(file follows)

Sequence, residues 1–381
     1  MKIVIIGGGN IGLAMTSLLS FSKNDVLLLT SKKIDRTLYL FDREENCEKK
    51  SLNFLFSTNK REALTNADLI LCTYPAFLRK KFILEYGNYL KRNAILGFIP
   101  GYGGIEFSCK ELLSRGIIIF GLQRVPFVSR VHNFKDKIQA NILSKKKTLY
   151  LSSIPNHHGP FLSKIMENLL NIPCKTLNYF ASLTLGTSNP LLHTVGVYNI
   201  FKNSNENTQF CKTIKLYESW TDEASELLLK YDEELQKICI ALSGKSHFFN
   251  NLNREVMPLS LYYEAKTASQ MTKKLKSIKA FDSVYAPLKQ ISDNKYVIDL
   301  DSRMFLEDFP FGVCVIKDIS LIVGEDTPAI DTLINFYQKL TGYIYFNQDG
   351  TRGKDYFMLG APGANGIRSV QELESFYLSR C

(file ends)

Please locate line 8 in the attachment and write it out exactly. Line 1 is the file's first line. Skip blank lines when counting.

   301  DSRMFLEDFP FGVCVIKDIS LIVGEDTPAI DTLINFYQKL TGYIYFNQDG